Overall, the study finds that algorithmic, online lending reduces discrimination by roughly 40% when compared to face-to-face mortgage lending options. It also encourages borrowers to shop around more which increases competition among lenders.

Finally, algorithmic, online lending also removes discrimination in accept-or-reject decisions on home mortgage lending, according to this study. Black and Latinx borrowers are typically rejected 6% more than non-minority ones with non-digital lenders, even with the same financial profiles. The study found that online mortgage solutions have changed this equation, accepting and rejecting comparable candidates evenly.

Some examples of all digital mortgage lending companies are Better.com, Rocket Mortgage, Reali, and so on.  

Due diligence

None of these mortgage solutions are perfect, and obviously some are not available to everybody, but there are at least some options that are available in the present day to assist home ownership in traditionally low-income, red-lined areas. Additionally, when you research your mortgage opportunities, make sure you do your research and due diligence to see if the lender you wish to work with has a history or not of discrimination, intended or unintended.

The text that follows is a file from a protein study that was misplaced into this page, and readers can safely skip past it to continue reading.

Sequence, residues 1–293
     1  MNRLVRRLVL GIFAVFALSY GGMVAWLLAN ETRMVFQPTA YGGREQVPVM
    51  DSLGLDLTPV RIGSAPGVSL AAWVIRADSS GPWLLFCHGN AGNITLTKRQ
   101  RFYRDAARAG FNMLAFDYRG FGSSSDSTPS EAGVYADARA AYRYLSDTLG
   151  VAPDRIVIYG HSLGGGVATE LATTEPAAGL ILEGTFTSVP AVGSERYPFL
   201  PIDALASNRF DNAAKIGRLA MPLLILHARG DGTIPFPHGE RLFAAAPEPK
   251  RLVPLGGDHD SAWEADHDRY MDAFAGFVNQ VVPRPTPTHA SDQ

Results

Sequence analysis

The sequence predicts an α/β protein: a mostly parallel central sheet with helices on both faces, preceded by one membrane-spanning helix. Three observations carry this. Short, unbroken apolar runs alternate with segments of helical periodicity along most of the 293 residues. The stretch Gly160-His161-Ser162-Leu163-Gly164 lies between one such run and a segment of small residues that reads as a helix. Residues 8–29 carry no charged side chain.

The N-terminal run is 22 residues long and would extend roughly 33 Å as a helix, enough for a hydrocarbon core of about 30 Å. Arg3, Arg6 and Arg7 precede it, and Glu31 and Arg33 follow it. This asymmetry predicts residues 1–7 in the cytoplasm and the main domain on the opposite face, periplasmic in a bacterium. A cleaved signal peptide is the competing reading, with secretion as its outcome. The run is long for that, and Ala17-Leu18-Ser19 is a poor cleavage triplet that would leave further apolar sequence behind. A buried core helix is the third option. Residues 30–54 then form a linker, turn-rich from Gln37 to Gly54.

Saving any amount of money while protecting your hard-earned finances is critical. Prospective buyers and home-owners can minimize costs working with equitable and fair lenders like Gemtrago that don’t charge origination, application, or appraisal fees while still offering the lowest rates and highest level of service. They can definitely help you find the right mortgage loan to meet your needs. And Signloc has some of the lowest title and escrow rates in the country.